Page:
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Fake Brussels Airport 'lost luggage sale' ads traced to Kenya

09:14 07/11/2023

Ads on social media that claim people can buy luggage lost at Brussels Airport for just €1.95 are a scam, consumers are being warned.

The ads, which are posted by an account called ‘Brussels Airport’, claim to sell abandoned or lost luggage and all the "surprise" contents within, RTBF reports.

They are often accompanied by a multitude of glowing comments that seem to bolster the legitimacy of the sale, but these are false.

“These are obviously fake accounts,” said Brussels Airport spokesperson Nathalie Piérard. “They are scams, and unfortunately there are more and more of them on social networks.”

The ads feature a ‘buy’ button that directs would-be victims to a website that tries to obtain their bank details.

A Belgian contact number listed for the page has a prefix of 01 (whereas the airport’s official numbers have an 02 prefix), but calls are met with an automatic message explaining that the number does not exist.

The WhatsApp account associated with the user posting the ads is tied to a number with an area code in Kenya, RTBF found, and the ‘Brussels Airport’ Facebook account itself has only a few photos of luggage and the airport while others show wedding or graduation ceremonies that seemingly took place somewhere in Africa.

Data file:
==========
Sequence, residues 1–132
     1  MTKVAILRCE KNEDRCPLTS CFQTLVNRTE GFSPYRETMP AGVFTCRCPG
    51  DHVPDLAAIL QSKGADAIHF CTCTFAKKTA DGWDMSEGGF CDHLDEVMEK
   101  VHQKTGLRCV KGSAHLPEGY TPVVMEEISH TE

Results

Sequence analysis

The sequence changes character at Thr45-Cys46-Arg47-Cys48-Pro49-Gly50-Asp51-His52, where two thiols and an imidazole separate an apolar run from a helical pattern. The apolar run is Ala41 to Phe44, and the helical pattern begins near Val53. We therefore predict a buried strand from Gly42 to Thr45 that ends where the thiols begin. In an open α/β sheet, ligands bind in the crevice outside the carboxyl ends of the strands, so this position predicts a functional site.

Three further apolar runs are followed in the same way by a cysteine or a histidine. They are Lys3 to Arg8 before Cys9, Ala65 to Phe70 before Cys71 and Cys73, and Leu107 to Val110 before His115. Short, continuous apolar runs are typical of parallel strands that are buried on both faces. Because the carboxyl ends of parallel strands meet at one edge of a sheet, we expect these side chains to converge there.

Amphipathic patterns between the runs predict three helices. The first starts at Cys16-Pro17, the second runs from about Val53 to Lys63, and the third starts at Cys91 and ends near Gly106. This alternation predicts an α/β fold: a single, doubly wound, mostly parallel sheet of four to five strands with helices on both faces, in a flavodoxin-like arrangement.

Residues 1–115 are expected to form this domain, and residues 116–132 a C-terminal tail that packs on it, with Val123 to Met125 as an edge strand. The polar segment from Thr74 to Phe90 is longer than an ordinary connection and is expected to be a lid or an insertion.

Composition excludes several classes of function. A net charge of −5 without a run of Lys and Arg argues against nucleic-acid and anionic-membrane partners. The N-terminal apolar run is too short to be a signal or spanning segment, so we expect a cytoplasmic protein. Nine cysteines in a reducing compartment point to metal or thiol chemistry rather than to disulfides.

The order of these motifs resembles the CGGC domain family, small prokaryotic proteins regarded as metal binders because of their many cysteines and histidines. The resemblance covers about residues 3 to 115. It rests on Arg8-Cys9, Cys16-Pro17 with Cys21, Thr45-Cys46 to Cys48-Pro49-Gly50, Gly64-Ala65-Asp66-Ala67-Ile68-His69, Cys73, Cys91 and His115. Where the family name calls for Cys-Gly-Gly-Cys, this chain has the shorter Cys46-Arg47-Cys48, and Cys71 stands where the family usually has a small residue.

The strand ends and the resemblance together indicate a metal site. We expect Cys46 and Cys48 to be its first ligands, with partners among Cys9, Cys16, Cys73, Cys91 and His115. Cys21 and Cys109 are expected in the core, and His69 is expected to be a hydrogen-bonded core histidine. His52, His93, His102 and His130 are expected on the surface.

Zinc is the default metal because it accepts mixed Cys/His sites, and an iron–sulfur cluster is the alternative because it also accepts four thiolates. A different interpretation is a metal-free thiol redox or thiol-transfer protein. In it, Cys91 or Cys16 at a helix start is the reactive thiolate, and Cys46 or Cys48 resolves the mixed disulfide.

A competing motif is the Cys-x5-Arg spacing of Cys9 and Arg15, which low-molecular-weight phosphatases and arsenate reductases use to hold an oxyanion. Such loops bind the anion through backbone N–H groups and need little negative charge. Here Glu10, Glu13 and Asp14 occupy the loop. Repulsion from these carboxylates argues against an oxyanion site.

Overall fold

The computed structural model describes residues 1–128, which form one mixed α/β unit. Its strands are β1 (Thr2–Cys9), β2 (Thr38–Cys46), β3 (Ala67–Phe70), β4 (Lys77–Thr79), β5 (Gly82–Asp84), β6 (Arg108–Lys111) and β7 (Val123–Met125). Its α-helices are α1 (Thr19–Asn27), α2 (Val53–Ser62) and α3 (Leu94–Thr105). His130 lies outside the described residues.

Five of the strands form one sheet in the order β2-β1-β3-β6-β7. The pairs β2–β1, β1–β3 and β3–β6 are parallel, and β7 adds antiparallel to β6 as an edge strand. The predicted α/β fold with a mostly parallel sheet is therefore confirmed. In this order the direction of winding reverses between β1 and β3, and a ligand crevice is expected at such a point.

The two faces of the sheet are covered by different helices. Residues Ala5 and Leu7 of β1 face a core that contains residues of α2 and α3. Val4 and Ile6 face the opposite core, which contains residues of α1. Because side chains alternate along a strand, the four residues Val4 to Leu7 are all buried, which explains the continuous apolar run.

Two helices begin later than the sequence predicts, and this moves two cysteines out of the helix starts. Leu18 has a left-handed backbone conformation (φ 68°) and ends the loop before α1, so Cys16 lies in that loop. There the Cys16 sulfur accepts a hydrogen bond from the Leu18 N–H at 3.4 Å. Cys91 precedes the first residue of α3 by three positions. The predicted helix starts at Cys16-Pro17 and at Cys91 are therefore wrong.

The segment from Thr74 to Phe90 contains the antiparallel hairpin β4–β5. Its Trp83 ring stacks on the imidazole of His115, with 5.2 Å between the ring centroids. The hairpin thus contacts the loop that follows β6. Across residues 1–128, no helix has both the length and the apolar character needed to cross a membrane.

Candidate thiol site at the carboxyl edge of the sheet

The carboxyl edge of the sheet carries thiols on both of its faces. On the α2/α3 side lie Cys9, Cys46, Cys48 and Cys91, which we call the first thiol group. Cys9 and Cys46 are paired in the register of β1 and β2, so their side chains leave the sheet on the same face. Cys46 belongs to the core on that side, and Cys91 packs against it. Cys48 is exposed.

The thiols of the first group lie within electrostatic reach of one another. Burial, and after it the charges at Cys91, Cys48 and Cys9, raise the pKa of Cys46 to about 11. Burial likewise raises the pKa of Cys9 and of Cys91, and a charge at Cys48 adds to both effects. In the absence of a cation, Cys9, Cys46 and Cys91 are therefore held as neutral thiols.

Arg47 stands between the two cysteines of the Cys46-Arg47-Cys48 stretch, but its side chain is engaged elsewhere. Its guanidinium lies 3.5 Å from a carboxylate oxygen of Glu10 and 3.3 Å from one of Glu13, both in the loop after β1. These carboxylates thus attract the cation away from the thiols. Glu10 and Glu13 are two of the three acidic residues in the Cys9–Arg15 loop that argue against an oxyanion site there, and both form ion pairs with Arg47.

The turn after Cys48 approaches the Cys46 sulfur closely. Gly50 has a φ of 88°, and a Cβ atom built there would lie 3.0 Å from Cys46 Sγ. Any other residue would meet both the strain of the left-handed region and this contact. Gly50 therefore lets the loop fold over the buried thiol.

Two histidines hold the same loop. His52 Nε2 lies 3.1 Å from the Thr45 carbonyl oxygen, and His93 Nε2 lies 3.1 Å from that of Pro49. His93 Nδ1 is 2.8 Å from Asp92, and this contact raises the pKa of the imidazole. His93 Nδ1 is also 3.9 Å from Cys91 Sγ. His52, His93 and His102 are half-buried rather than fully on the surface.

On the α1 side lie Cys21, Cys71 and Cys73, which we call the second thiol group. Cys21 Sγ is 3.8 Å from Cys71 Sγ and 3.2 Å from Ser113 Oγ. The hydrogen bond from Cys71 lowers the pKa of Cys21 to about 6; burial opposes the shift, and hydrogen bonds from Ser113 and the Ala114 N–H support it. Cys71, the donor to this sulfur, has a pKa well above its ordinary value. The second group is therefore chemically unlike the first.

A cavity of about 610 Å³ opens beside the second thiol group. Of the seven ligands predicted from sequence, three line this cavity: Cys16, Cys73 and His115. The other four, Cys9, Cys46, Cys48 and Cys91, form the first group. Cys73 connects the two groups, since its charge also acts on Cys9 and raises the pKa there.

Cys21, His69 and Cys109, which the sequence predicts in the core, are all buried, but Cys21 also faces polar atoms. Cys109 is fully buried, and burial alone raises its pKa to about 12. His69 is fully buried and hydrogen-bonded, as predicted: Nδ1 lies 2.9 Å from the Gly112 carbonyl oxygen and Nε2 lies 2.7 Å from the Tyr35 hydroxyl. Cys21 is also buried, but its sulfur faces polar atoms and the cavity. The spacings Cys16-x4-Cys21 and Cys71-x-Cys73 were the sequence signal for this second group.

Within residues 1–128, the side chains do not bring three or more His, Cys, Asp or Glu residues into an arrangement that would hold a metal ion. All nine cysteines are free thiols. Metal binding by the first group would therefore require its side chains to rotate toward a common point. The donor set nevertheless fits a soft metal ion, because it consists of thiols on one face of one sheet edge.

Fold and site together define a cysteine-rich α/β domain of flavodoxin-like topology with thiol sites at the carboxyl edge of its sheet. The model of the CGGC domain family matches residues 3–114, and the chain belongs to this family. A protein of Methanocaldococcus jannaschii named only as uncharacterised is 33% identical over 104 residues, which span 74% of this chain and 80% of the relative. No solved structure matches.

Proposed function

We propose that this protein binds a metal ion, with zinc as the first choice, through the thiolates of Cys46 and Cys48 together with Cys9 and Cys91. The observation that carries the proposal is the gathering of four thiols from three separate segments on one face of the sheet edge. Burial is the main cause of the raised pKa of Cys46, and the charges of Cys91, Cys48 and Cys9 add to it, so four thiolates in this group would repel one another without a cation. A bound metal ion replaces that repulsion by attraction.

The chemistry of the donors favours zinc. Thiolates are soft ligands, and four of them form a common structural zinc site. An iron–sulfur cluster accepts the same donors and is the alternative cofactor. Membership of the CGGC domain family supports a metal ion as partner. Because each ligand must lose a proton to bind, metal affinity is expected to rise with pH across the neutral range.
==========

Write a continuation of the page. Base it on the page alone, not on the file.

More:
“Brussels Airport obviously doesn't handle lost luggage in this way – there are very strict procedures in place, both on the part of the baggage handling companies for baggage that has already been checked in, and on the part of the airport for any objects, bags or other items that you forget in the terminal,” said Piérard.

“In both cases, these items go through a whole procedure. They are classified and every effort is made to trace their owners. These objects and luggage would never just appear on a Facebook account.”

Brussels Airport is asking that people never respond to this type of advertisement and instead report the fake accounts that post them, adding that the airport has already reported several such accounts to Facebook itself, requesting that they be deleted.

Written by Helen Lyons